Manufacturing production lines were one of the first places to start making use of the latest technology in the world of robotics. In fact, the sector was such an early adopter of robotics that new start-ups are now coming along to ‘disrupt’ the previous start-ups. Such is life. And a promising UK start-up, London-based Automota, appears to be among the most exciting around. At least investors appear to be convinced it is after the young company managed to secure over £5.5 million in investment from its very first major round.
Automata is out to replace earlier generations of production line robotics with smaller, cheaper, better and more flexible alternatives. Its first product is a ‘desktop’ robotic arm called Eva that costs around a fifth of those whose work it is out to take at $5000 compared to $25,000. It can also be programmed by owners so can be adapted to different uses or reassigned. Having to pay for very specialised updates to custom operating systems is another competitor weakness Automota hopes to take advantage of.
The companies two co-founders Suryansh Chandra and Mostafa ElSayed both come from an architectural background, having been colleagues at the prestigious Zaha Hadid firm. The original prototype for Eva was borne from a challenge they faced while working together on a major art installation project for the company, which is well known for its particular brand of ‘artistic’ architecture.
Needing to build a large number of panels for a construction, the pair found themselves wishing for a precision machine that would make their job easier and allow them to focus their efforts on the design itself:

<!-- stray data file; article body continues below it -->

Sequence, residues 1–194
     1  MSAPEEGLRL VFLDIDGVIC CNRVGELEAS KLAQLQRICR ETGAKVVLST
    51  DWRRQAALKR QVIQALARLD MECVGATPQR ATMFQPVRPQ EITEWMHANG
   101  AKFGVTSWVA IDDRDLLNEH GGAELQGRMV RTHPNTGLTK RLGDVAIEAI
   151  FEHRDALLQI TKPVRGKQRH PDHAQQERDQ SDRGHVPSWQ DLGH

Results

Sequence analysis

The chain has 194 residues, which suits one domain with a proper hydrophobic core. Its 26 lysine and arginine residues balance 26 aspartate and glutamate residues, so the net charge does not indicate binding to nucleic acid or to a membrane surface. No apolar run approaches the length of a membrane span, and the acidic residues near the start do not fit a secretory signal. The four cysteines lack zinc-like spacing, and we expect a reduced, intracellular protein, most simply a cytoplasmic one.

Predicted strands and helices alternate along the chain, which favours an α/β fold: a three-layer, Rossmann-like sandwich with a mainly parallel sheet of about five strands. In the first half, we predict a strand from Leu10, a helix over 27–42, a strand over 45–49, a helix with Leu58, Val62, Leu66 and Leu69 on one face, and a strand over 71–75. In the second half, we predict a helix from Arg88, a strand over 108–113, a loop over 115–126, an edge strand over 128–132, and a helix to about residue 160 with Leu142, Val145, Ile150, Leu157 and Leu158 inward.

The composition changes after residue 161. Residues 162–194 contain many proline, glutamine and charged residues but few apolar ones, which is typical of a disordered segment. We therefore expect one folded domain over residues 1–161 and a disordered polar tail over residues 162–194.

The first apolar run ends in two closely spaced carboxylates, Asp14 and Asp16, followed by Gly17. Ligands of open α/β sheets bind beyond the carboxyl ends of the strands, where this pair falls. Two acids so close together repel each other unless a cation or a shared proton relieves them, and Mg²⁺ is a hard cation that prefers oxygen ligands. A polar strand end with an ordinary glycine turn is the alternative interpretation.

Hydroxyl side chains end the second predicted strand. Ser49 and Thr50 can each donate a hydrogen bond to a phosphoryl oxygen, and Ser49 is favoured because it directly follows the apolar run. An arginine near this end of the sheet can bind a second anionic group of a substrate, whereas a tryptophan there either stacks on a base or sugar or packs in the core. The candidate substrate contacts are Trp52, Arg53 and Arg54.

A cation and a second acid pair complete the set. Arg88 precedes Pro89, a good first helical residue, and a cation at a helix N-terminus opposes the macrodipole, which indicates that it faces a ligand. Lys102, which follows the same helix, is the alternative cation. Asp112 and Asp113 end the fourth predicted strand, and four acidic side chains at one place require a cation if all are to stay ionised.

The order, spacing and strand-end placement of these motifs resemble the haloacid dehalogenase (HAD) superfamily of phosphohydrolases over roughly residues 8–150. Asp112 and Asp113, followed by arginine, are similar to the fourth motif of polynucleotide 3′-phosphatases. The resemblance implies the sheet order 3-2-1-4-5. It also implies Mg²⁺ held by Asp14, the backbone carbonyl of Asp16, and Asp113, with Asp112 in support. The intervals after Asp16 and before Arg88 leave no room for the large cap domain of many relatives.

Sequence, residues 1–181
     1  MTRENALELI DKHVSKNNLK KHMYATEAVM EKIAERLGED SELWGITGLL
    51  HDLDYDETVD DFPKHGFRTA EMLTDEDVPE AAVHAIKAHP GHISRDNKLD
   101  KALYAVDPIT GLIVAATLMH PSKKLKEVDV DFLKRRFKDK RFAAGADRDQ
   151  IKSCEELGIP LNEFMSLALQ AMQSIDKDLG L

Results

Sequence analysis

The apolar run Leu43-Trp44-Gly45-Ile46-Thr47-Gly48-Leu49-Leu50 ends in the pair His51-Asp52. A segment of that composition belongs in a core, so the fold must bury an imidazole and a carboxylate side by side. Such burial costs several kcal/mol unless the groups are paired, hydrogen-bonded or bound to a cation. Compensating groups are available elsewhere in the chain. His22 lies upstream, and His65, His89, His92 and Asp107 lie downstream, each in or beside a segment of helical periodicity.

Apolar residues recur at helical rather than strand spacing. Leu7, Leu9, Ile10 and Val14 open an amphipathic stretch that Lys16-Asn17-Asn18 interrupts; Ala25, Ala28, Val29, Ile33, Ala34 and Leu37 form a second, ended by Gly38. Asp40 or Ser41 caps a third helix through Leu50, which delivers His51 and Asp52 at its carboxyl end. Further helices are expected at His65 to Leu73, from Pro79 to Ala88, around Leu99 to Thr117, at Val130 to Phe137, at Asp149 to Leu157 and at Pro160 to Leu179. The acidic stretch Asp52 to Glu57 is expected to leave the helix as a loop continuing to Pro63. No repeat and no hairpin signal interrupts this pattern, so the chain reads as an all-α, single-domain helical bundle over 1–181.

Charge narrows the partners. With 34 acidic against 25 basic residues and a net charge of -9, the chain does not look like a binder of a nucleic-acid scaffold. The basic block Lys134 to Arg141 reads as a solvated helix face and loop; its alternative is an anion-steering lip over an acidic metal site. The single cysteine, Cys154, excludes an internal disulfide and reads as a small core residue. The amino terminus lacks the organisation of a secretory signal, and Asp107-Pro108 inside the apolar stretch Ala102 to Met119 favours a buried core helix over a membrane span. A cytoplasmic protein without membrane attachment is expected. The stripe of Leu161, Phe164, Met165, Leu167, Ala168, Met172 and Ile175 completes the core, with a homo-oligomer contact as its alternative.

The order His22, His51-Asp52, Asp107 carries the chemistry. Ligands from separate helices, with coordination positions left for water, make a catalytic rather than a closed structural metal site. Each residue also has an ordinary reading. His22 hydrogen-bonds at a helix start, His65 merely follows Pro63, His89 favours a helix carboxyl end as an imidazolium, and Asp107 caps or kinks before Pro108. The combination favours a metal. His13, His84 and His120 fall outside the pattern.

“We realised we were spending 10 percent of our time on design, and 90 percent on solving problems around how to build that design”.
Now joint-CEOs of Automata, Chandra and ElSayed reflected that their current predicament was one regularly encountered in other architectural projects. But there weren’t robots available that could be easily programmed and reprogrammed for the needs of one-off projects and also that people that weren’t robotics experts could work with without outside help. They subsequently discovered that manufacturers were also crying out for more adaptable robots.
Eva represents three different innovations that set it apart from other robot arms on the market. They redesigned the robotic gearbox, which they learned had not been updated since the 1950s. This helped bring down costs immensely. They also built it from widely available and inexpensive components.
The next major innovation in Eva is its Choreograph OS. It’s proprietary but a Cloud-based application that allows users to control and monitor their robots from anywhere. It also allows for custom programming made easier by allowing existing designs and patterns to be imported from elsewhere.
The third cost saving Automata has made is to outsource the production of the Eva hardware to a specialist robotics manufacturer.
Robin Klein, General Partner at LocalGlobe, one of the participants in Automata’s Series A investment round commented:
“Automata is a company making fundamental changes in the robotics space. By offering an industrial quality, lightweight robot capable of being set up and operational in a matter of hours, Automata is encouraging businesses to embrace automation like never before.”